Wednesday, 5 March 2014

Iculo; The World's First Song

The world's first song was discordant voices inspired by a most beautiful story, a story of inspiration.

The sound appeared to be chaos to some, they had never heard anything like it in their long lives on Earth. It was as if time itself had dared to slow down and appreciate the beauty of this gift. It was powerful; and so deeply moving that those none dared scoff at this melodic sound. It ushered a silence willingly surrendered by the souls of those who were blessed to witness it. In  silence they sat, their ears unaccustomed to the strange yet soothing sounds they were hearing.

The hot afternoon sun seemed to soften its heat as the sound filtered thrugh the air, every note rattling the leaves as if tickled by a breeze. The resonance between Nature and the human voice brought tranquility as the pitch soared through the vast African skies; as if it was responding to a being far beyond the eye could see. The heavens stilled for a moment in harmony, bearing testament to this remarkable sound.

The source of this melodic sound was Mzwilili, Kintu's second daughter. Her voice seemed to bring a cool across the whole village as her voice carried to every ear, beckoning each being to pay attention. The village elders found their spirits and voices moved by a certain something from deep within them; and were soon in unison with Mzwilili as the spirit of song and dance flowed through their veins, igniting fires of unknown passion. Their bodies flexed and flowed in movements never seen before; as if a gentle wind was blowing them from all around, as if they were being caressed by the very hands of Mother Nature.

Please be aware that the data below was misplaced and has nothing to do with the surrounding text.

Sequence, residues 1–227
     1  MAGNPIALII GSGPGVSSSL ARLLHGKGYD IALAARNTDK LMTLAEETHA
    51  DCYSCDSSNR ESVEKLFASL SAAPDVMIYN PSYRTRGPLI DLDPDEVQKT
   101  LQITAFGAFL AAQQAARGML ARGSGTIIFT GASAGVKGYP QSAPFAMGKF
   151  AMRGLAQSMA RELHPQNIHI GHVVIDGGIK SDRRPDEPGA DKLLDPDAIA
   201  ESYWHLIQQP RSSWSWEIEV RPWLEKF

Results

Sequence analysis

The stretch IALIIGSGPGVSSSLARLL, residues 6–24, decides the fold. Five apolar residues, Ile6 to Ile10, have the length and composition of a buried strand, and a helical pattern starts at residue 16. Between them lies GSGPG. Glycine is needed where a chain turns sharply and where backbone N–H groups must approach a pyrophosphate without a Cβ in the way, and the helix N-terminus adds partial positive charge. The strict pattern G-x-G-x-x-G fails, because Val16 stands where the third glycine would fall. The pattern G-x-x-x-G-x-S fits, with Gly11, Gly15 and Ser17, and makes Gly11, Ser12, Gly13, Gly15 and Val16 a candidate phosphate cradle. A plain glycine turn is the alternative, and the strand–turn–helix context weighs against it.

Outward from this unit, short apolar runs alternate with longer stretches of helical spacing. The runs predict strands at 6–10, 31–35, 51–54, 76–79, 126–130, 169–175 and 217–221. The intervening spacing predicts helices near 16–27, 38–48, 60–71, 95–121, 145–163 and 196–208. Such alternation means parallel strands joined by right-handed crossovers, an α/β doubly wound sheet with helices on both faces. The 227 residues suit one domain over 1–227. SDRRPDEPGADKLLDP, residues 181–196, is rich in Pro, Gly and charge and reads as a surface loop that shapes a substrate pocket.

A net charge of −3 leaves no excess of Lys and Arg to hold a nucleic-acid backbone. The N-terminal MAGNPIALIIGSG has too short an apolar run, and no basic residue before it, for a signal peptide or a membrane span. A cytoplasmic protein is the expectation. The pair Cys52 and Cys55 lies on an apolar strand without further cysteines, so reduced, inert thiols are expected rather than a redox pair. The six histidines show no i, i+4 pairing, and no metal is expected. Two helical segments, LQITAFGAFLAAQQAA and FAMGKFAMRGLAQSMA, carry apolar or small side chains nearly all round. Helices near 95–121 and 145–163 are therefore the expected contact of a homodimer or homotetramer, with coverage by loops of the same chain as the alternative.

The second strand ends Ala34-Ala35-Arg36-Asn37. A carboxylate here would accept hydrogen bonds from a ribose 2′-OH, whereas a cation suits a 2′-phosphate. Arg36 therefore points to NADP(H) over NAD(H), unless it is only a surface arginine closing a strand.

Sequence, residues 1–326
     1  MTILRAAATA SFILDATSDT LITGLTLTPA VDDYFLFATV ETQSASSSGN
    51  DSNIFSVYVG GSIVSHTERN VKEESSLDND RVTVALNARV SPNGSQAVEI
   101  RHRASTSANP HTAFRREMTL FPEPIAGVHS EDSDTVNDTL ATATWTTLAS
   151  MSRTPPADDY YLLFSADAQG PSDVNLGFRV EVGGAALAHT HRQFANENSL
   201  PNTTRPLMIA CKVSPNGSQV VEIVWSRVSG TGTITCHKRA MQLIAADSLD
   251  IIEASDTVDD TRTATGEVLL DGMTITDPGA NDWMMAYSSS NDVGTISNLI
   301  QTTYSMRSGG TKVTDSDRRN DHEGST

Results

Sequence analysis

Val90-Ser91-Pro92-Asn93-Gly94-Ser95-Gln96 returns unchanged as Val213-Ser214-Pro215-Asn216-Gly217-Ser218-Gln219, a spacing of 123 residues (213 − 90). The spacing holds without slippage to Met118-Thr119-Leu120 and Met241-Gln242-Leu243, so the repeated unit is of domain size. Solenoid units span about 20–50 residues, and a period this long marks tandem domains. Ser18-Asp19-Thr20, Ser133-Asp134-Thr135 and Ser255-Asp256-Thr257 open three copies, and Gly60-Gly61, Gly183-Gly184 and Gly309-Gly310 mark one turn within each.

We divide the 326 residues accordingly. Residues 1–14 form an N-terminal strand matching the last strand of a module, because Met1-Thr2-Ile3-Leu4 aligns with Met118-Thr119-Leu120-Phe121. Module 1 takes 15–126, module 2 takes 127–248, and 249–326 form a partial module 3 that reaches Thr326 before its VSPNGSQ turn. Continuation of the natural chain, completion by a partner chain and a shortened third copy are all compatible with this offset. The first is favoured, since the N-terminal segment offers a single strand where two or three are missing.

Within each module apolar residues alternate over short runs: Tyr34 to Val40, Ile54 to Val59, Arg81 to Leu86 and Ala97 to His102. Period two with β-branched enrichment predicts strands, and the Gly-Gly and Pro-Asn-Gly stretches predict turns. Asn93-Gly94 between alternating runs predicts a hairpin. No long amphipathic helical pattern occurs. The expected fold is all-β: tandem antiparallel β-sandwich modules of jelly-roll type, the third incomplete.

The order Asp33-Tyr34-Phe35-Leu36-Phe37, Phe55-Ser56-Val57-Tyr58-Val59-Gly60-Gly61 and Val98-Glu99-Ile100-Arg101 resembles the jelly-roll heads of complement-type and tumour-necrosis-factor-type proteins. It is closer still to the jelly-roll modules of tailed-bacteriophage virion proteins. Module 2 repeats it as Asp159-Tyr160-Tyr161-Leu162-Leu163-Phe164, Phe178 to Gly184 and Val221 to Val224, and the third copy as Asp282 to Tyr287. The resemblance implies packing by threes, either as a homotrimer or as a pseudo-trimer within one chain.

In the midst of this trance-like dance accompanied by singing inspired her voice,  Mzwilili stretched calf skin over a hollowed-out log from a lightening-struck tree not far from beyond the fields. As if she had been instructed by a power, she tightly bound the calf skin on the one end of the log which she had now cut into the size of a grown man's arm in length. She then beat gently on the calf skin, now tightly bound to the log, with her open palm in rhythms that had the villagers break into jubilation. Each beat sent a pulse of life through the limbs of the elderly and they uncontrollably found themselves breaking out into dance. The young men and women rose in a multitude of voices and chorussed together, the sound of their voices making some of the older men cry unashamedly.

Thus a new song was sung on that day; and it was called 'iculo'.